Ignorance: the new standard in educating America
The Texas State Board of Education recently approved new guidelines for social studies and his-tory classes. The board, made up of social conservatives, had an agenda, which was the elimina-tion of a perceived liberal bias in textbooks.
Their decision guarantees to make an already dumb nation, even dumber.
Among some of the changes to textbooks, the Texas "curriculum plays down the role of Thomas Jefferson among the founding fathers, questions the separation of church and state, and claims that the U.S. government was infiltrated by Communists during the Cold War," according to the Washington Post.
The board's decision is significant. Texas is the largest buyer of textbooks and sets the tone for publishers across the country, thus affecting how subjects are taught.
According to The Nation, "the state's 4.7 million students often move to the top of the market, presenting economy of scale discounts, which tempt other school systems to buy the same mate-rials."
Daniel Czitrom, a professor of history at Mount Holyoke College, argued that conservatives are out of step with how history is taught today.
"They want an American history that ignores or marginalizes African-Americans, women, Lati-nos, immigrants and popular culture," he wrote in an article for CNN. "Rather than genuinely engaging the fundamental conflicts that have shaped our past, they prefer a celebratory history that denies those fundamental conflicts."
But this is really nothing new. According to James W. Loewen's book "Lies My Teacher Told Me," as far back as 1925 the American Legion had elucidated what an ideal textbook should be like.
They said such a textbook must "inspire the children with patriotism," "be careful to the tell the truth optimistically" and "speak chiefly of success."
Inspiring patriotism is important. How else is our ruling elite going to find cannon fodder for the next war?
But you need to brainwash children with a highly sanitized version of history before they can say, "God bless America" with a straight face. And our right-wing brothers and sisters are all too willing to facilitate this propaganda system, which keeps so many of our wonderful wars going.
Thus it should be of no surprise that the Texas State Board of "Educational Destruction" would want President Ronald Reagan to have more textbook attention. Here is where "telling the truth optimistically" goes into high gear.
Ronald Reagan is a man who definitely should be in America's textbooks – not as a venerated leader, but as a war criminal, just another psychopath in a long line of murderous U.S. presi-dents.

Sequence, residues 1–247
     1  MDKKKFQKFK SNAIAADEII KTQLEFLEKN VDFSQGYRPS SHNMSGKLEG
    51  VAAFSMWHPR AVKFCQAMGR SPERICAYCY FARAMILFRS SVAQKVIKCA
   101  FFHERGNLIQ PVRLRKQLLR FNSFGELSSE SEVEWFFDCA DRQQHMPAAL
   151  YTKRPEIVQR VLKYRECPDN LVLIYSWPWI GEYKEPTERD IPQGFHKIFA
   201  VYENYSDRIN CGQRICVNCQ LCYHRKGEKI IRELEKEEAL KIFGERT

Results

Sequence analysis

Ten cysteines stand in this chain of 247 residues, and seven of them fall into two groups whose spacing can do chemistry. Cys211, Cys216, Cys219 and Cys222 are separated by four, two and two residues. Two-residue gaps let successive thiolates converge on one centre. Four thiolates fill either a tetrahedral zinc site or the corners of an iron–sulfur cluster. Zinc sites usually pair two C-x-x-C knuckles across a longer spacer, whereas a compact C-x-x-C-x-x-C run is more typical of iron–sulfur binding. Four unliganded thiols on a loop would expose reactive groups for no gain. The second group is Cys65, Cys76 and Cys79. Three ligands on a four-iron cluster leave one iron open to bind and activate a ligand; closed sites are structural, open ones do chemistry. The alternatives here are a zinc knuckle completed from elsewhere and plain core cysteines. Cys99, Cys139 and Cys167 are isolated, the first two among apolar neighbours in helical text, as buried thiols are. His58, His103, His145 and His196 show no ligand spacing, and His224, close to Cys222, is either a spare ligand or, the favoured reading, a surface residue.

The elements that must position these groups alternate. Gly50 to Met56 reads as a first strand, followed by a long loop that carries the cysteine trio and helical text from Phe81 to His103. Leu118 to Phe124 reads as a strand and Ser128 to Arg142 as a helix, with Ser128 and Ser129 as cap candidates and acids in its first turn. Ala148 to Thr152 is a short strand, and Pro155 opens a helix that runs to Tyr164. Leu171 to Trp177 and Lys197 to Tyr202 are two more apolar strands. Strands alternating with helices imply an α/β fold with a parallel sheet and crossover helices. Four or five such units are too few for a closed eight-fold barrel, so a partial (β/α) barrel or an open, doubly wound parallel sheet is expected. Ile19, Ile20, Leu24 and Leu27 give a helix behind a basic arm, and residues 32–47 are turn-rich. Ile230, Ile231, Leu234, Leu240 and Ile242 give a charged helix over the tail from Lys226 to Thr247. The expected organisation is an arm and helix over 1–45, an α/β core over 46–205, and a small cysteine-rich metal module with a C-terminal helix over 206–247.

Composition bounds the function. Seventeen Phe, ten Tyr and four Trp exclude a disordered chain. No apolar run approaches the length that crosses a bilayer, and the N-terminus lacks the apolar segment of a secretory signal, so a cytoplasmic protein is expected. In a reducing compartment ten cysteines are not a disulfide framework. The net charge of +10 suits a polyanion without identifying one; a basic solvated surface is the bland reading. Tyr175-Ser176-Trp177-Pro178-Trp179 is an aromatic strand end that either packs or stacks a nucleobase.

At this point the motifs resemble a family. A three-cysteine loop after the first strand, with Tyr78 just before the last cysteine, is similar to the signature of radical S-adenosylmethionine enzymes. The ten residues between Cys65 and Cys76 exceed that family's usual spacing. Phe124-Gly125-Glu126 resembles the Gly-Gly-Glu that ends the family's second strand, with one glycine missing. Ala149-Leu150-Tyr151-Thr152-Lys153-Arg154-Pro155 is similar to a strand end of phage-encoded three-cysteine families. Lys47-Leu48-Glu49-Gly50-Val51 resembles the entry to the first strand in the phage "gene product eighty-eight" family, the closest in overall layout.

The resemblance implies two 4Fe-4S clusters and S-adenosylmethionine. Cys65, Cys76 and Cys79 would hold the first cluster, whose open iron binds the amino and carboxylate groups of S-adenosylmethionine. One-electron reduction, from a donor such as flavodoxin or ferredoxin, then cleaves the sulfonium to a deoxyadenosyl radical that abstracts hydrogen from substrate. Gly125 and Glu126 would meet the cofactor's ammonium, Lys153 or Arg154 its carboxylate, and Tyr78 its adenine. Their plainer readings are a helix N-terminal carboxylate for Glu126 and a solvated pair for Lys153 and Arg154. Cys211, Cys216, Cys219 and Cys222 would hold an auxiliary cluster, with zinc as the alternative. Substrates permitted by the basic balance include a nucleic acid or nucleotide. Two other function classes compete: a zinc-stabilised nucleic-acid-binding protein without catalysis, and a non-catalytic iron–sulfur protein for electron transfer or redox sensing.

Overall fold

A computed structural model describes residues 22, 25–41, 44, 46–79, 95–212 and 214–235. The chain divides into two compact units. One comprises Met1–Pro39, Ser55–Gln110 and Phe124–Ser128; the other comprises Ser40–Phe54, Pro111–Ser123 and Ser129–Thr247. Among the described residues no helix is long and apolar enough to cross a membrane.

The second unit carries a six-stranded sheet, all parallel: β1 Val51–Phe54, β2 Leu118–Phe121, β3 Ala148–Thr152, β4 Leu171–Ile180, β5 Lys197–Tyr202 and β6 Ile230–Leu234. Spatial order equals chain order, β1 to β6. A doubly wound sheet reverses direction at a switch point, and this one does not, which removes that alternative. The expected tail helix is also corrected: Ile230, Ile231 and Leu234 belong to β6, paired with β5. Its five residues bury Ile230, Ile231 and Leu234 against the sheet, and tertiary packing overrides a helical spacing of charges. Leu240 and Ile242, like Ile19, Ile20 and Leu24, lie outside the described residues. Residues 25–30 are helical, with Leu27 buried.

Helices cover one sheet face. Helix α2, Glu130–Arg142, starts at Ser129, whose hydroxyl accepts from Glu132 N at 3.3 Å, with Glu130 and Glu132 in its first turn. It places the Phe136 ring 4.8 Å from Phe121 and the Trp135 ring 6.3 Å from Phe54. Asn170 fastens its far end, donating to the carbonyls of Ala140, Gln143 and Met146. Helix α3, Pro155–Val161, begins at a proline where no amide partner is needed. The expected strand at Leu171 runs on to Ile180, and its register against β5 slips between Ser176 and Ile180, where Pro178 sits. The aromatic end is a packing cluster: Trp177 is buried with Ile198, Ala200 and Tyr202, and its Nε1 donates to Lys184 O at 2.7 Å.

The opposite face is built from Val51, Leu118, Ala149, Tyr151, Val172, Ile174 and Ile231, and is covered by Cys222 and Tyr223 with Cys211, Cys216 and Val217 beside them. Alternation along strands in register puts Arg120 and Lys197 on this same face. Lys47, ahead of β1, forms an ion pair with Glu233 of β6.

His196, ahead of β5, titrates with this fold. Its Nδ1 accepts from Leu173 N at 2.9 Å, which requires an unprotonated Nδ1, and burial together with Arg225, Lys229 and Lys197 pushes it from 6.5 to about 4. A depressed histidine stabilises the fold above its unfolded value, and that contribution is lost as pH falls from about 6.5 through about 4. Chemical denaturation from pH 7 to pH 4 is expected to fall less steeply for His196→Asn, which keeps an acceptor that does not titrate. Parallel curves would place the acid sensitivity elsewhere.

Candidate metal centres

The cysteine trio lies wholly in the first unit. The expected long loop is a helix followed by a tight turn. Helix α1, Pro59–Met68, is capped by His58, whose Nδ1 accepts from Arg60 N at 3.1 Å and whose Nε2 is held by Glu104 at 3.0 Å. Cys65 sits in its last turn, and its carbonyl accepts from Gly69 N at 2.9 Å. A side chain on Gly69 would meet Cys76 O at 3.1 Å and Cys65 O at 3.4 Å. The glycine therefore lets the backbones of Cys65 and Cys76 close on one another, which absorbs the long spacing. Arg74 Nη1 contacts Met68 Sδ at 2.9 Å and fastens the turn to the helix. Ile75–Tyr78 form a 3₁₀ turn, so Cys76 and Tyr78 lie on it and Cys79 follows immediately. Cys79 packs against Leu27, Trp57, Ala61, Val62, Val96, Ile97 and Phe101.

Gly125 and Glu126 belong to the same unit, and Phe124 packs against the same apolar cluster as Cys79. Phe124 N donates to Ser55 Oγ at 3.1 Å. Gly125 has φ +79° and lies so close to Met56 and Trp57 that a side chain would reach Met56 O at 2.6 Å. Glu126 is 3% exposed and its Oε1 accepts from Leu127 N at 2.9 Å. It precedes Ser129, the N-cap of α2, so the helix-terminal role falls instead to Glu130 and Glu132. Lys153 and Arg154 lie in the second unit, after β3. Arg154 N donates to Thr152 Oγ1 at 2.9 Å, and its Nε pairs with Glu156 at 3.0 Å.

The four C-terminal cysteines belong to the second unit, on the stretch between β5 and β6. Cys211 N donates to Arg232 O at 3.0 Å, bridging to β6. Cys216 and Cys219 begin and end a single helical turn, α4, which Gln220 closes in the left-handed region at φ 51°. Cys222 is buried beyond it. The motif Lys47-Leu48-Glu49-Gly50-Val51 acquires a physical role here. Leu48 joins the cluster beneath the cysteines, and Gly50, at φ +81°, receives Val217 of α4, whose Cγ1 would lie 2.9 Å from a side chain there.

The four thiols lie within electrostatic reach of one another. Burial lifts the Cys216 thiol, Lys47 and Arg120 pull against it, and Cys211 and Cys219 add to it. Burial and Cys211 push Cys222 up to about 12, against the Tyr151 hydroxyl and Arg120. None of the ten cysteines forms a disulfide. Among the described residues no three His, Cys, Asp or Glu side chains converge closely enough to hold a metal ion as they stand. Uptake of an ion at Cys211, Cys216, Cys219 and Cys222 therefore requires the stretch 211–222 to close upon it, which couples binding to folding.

Under Reagan, the CIA and U.S. military led bloody operations in Honduras, Guatemala, Nica-ragua and El Salvador to oppress progressive social and economic policies. There was murder, rape, torture and disappearances. This was an era in which U.S. trained death-squads terrorized populations.
Social justice activist and KPFK radio host Blase Bonpane has said, "Unnecessary war is the legacy of the Reagan Administration."
But that version of history will never get into our textbooks. It might inspire students to think critically and ask tough questions. In other words, become savvy citizens.
Instead of educating us, conservatives are engaging in a "terrible trivialization of history, con-tributing to the dumbing-down of what students learn," according to Czitrom.
They praise capitalism like they praise Jesus and they want us not to think any differently.
In the eyes of these dingbats, Thomas Jefferson is less of an American because he wasn't a Bi-ble-thumper, but a logical secularist.
They wish to blur the lines between church and state, because, let's face it, there is a segment of the population that would love nothing more than an American-style Ayatollah in the White House, making sure we pray to Jesus five times a day.
Sadly, for these miserable sods, the Cold War is not over. To them, commies still exist, waiting in the shadows to subvert Wall Street and our precious, soulless consumer culture.
But what conservatives and the Texas State Board of Education must realize is that American history is messy. It is a hodgepodge of beautiful and ugly truths. To teach our children a sani-tized version of U.S. history is doing them a great disservice.
In the end, their textbooks are simply propaganda. Its result is a brainwashed citizenry that does not question, for they have no accurate historical context with which to think.
For the sake of the republic they claim to love so much, the Texas State Board of Education must rescind its decision.